We all had our chores to do and it was quite a hustle on school mornings to get up, feed the animals, milk and deliver the papers. We had to do the dishes before we went to school but we made our bed when we came home and sometimes just crawled in as was! On Saturday we cleaned house and the three of us each took our section. The kitchen, pantry and bathroom was one job..the dining room, den and front room was another and the upstairs was yet another. We would sing as we worked and when we were done with our allotted section we were done and things were always ship shape by noon on Saturday.
up in Mosier
Mosier, Oregon was a fun place to live. In the summer we would swim in Mosier
Creek. In the winter we would haul the bobsled out of Camp's barn and up on
the mountain road. I don't know if that was the proper name or just what we
called it. Seven or eight of us would pile on and down we would go. At the bottom
was a cement wall and also a curve in the street and we were fortunate that
a car never arrived at that corner the same time a sled full of kids did. We
would slide for hours and when we went home mom would stuff us with Chili and
hot cocoa. The year Monopoly came out or rather our first introduction to the
game was one Christmas vacation when Mick got the game for his Christmas present.
A lot of the kids in town would come every night during Christmas vacation to
play. When they would come up the path mom would mix up dough and after we played
till about eleven or so she would start frying raised doughnuts and make a big
canning kettle full of cocoa and we would have whipped cream. What wonderful
refreshments! Mom was such a good sport to go to all that work for our entertainment.
I was a girl so I was never allowed to go away at night to my friends house. My main outing would be to go to the city library and twenty to thirty minutes for the trip was maximum. So I especially appreciated mom's efforts because I could have company. The kids were always allowed to come to our house any time they wanted. Some of them were in awe of my dad.
When we first moved to Mosier the grass was grown up around the house quite tall. Dad had a scythe that you swung standing up, by that I mean it was a big haying scythe. He told us kids to stay off of the grass and not to trample it down. Pretty soon here was this little boy scooting down the terrace on his butt just having a good time because as the grass lay down it got slick. Dad grabbed this little guy by the over-all straps picked him up and whopped him a couple on the butt. The kid started to cry and instead of heading into the house to mom this little boy took off down over the terrace and on down the street. It was a little neighbor boy, Harold, instead of a little Buce boy, Hank, that dad thought he was paddling. When he realized his mistake he had to go down and apologize to the boy's parents and they were pretty grim about the affair. It wasn't very long before Harold was a frequent visitor. He and Hank were pretty good pals.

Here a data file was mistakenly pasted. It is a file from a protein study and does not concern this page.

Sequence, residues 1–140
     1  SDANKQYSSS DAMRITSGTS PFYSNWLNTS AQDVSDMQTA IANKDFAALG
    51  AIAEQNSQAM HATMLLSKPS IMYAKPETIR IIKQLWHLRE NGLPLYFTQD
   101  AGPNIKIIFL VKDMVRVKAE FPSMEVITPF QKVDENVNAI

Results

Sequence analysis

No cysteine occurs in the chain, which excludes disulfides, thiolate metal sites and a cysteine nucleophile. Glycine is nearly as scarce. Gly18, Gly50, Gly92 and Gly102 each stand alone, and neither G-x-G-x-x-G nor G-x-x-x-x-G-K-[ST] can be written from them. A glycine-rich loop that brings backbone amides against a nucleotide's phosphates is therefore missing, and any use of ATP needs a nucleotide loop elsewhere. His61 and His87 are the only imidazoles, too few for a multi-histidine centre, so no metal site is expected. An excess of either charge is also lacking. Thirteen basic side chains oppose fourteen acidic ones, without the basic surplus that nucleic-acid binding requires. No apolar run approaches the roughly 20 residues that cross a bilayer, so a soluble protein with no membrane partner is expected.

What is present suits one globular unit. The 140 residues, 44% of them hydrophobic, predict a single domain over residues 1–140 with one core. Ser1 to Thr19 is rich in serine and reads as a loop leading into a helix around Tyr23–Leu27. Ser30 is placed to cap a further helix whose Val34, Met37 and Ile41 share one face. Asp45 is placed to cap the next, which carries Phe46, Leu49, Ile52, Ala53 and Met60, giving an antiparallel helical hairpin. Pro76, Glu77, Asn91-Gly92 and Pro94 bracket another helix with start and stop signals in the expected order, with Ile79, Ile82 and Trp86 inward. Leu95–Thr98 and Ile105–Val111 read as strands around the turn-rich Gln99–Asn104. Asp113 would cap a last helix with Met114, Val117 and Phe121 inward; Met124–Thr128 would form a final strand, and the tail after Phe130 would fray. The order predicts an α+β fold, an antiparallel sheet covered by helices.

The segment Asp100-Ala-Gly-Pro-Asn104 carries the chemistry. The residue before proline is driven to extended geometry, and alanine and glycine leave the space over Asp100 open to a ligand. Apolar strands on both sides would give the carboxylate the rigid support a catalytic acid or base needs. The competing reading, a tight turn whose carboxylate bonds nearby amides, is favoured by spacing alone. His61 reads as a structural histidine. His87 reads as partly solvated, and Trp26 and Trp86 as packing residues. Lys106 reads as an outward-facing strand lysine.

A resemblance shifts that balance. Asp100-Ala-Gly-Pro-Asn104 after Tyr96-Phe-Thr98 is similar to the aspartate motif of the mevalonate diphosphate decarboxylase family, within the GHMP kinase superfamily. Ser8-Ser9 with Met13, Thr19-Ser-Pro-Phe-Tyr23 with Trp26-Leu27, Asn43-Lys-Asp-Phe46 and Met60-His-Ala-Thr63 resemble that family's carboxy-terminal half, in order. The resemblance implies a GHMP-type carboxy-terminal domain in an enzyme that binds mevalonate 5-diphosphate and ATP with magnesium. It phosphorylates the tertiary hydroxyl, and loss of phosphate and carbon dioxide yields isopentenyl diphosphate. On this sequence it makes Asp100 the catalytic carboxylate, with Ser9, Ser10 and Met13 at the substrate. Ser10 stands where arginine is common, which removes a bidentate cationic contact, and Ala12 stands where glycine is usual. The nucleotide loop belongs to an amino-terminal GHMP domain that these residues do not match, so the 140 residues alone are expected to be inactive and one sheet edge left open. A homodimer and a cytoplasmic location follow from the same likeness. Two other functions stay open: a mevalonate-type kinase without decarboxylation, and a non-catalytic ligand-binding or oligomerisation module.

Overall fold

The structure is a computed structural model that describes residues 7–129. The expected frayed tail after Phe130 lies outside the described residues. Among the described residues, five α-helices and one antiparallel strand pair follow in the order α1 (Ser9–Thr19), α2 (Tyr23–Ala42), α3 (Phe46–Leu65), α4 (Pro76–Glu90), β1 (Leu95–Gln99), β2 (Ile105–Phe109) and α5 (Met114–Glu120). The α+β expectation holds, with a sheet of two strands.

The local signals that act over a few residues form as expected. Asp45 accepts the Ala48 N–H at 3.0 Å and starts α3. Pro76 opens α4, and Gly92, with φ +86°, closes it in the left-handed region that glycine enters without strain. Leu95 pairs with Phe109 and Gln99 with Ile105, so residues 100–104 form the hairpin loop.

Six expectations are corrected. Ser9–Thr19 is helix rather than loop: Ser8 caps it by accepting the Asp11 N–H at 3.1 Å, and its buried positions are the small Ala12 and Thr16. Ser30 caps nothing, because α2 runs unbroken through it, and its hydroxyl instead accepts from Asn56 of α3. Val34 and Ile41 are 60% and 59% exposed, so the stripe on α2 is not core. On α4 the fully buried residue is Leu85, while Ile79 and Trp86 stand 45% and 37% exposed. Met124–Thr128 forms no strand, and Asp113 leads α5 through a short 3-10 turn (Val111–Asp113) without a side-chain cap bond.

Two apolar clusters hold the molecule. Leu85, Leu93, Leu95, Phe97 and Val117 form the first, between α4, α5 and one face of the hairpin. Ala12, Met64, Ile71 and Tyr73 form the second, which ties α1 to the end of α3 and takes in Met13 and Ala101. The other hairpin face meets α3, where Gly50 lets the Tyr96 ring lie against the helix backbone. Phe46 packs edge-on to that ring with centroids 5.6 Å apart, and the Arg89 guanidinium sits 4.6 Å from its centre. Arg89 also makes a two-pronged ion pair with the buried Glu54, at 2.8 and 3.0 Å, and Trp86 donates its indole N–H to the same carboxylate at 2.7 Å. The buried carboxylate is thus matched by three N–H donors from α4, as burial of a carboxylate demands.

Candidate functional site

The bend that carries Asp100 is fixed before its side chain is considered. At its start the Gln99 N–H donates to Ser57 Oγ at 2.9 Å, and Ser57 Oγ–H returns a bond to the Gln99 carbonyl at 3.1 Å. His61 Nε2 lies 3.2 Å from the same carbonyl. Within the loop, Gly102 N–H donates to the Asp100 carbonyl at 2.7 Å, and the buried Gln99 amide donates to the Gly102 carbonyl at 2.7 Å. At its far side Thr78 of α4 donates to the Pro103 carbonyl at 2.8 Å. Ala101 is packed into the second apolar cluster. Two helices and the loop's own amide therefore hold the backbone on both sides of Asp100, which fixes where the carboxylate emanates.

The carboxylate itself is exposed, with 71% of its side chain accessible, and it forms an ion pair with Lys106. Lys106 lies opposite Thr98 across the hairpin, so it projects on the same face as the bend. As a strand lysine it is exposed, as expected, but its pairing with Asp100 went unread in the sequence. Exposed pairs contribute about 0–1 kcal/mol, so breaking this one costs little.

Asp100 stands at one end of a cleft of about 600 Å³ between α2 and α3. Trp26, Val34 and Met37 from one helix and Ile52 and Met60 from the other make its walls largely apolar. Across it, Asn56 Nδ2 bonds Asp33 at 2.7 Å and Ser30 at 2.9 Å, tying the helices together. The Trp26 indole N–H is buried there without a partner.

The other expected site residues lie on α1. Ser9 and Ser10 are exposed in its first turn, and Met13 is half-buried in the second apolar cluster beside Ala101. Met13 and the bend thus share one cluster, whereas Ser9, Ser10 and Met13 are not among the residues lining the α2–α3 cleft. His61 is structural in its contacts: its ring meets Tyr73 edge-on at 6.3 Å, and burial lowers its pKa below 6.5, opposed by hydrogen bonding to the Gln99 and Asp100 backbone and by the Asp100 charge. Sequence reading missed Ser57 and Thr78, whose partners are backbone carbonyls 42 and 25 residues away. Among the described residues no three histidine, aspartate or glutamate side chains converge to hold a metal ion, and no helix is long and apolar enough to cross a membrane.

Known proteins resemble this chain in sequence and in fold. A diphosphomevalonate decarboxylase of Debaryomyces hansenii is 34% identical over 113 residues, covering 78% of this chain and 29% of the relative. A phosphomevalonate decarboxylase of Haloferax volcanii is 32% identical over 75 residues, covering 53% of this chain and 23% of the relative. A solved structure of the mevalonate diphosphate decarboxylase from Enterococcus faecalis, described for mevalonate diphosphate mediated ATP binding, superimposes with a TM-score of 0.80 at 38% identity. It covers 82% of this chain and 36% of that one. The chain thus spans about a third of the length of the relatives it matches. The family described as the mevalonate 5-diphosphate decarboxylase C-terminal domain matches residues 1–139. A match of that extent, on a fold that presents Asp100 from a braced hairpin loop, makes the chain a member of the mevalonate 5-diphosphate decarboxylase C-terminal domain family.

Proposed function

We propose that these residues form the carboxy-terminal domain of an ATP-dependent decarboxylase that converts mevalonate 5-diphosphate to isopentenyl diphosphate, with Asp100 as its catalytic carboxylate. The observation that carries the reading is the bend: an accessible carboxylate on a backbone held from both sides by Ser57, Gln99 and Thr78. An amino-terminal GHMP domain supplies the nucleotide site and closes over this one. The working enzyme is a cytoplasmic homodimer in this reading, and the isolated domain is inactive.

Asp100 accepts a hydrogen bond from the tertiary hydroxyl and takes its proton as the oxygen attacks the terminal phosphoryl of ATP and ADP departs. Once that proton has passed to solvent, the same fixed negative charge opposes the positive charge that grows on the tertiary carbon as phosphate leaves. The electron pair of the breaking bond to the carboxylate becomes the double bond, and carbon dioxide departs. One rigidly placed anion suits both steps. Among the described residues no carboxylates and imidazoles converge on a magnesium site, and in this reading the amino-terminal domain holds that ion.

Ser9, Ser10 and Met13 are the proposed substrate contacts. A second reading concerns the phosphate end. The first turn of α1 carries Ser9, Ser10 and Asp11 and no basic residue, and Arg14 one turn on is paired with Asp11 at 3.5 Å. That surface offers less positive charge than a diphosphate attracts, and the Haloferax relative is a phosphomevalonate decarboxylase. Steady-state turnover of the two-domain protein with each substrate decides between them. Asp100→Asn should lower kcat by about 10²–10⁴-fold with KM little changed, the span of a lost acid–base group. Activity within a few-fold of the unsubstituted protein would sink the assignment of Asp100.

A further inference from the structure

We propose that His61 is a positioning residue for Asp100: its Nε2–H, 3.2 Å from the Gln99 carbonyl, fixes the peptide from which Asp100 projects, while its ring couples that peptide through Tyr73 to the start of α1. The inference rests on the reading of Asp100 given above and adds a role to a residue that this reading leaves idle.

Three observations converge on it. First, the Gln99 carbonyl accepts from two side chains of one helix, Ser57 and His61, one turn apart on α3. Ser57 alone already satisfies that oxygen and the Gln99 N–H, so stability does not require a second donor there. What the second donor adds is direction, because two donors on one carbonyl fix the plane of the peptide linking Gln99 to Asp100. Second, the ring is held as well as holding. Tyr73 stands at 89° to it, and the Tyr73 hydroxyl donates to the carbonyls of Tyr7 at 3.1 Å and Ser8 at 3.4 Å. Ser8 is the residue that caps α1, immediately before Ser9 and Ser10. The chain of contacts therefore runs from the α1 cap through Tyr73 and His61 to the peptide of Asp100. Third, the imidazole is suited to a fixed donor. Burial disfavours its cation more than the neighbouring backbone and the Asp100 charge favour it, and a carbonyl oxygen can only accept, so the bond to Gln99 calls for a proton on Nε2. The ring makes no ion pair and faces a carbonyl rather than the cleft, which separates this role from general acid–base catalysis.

While my grandfather died before I was born, my grandmother Ethel continued to live in the Mosier house until the late 1980's. I have many fond memories of visiting her in that house. My cousins and I would slide down the curving staircase on our butts. The one bathroom had two doors... one that led to the kitchen, and another that led to Gram's bedroom. We kids used to love running around in circles as we ran in one bathroom door, then out the other! I remember my cousin and I jumping on the bed in the upstairs bedroom, and when the bed broke and the mattress fell through onto the floor, Gram was sure mad! My dad, Mick, and I used to mow Gram's lawn every weekend. The grandkids used to watch the goldfish in the pond under the walnut tree, and timidly venture into the old garage out back where our long-dead grandfather used to have his shop. Some say his ghost still haunts the place! Holidays were always filled with good food and family laughter. I have fond memories of my aunt Ruthie and aunt Bobbie playing the piano in the front parlor, and leading us on family sing-a-longs.
I remember one particular Thanksgiving when my uncle Tom and his family were there. Tom, who was an engineer for Boeing at the time, took a phone call from work, which was an unprecedented event on a holiday. When he got off the phone he said, "Some son-of-a-bitch has just hijacked an airplane! That was, of course, the infamous D.B. Cooper who has gone down in the annals of Pacific Northwest history as one of the most elusive hijackers of all time. Tom's son told me years later a little-known fact about the hijacking. In the weeks just prior to the hijacking, Boeing engineers had been experimenting with that exact scenario: could someone parachute from a jet in flight and survive? The FBI thought it was an inside job, and had their phone wire-tapped because, for a time they suspected Uncle Tom might have known who the hijacker was (he didn't.)
My dad's brothers and sisters all genuinely loved each other, and in many ways I believe they were each other's best friends. They are all gone now, except my aunt. I'm grateful for my memories of the big, white house in Mosier, and the connection with family we have had.